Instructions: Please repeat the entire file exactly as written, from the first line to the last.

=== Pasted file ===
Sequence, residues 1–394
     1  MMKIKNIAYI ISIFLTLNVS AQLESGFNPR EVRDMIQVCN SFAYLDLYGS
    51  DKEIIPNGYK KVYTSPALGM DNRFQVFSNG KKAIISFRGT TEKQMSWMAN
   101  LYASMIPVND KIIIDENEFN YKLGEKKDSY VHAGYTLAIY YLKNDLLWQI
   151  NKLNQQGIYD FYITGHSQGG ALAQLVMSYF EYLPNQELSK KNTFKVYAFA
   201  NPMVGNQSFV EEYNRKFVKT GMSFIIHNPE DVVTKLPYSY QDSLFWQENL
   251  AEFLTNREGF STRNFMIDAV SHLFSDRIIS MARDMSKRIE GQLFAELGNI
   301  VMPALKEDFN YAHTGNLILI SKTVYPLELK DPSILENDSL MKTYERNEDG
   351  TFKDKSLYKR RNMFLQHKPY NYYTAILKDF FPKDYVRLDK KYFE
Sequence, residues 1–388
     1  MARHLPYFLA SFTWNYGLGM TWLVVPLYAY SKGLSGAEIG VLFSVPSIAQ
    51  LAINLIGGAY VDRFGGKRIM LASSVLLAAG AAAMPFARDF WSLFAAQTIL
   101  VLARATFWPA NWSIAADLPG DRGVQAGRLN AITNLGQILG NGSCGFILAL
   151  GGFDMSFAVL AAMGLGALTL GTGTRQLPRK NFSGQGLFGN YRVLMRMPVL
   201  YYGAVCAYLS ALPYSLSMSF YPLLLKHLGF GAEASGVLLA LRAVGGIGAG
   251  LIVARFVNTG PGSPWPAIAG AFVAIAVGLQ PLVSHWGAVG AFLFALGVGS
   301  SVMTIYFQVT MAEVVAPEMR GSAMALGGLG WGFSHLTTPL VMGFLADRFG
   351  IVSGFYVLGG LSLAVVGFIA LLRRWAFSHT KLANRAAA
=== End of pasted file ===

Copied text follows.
Sequence, residues 1–394
     1  MMKIKNIAYI ISIFLTLNVS AQLESGFNPR EVRDMIQVCN SFAYLDLYGS
    51  DKEIIPNGYK KVYTSPALGM DNRFQVFSNG KKAIISFRGT TEKQMSWMAN
   101  LYASMIPVND KIIIDENEFN YKLGEKKDSY VHAGYTLAIY YLKNDLLWQI
   151  NKLNQQGIYD FYITGHSQGG ALAQLVMSYF EYLPNQELSK KNTFKVYAFA
   201  NPMVGNQSFV EEYNRKFVKT GMSFIIHNPE DVVTKLPYSY QDSLFWQENL
   251  AEFLTNREGF STRNFMIDAV SHLFSDRIIS MARDMSKRIE GQLFAELGNI
   301  VMPALKEDFN YAHTGNLILI SKTVYPLELK DPSILENDSL MKTYERNEDG
   351  TFKDKSLYKR RNMFLQHKPY NYYTAILKDF FPKDYVRLDK KYFE
Sequence, residues 1–388
     1  MARHLPYFLA SFTWNYGLGM TWLVVPLYAY SKGLSGAEIG VLFSVPSIAQ
    51  LAINLIGGAY VDRFGGKRIM LASSVLLAAG AAAMPFARDF WSLFAAQTIL
   101  VLARATFWPA NWSIAADLPG DRGVQAGRLN AITNLGQILG NGSCGFILAL
   151  GGFDMSFAVL AAMGLGALTL GTGTRQLPRK NFSGQGLFGN YRVLMRMPVL
   201  YYGAVCAYLS ALPYSLSMSF YPLLLKHLGF GAEASGVLLA LRAVGGIGAG
   251  LIVARFVNTG PGSPWPAIAG AFVAIAVGLQ PLVSHWGAVG AFLFALGVGS
   301  SVMTIYFQVT MAEVVAPEMR GSAMALGGLG WGFSHLTTPL VMGFLADRFG
   351  IVSGFYVLGG LSLAVVGFIA LLRRWAFSHT KLANRAAA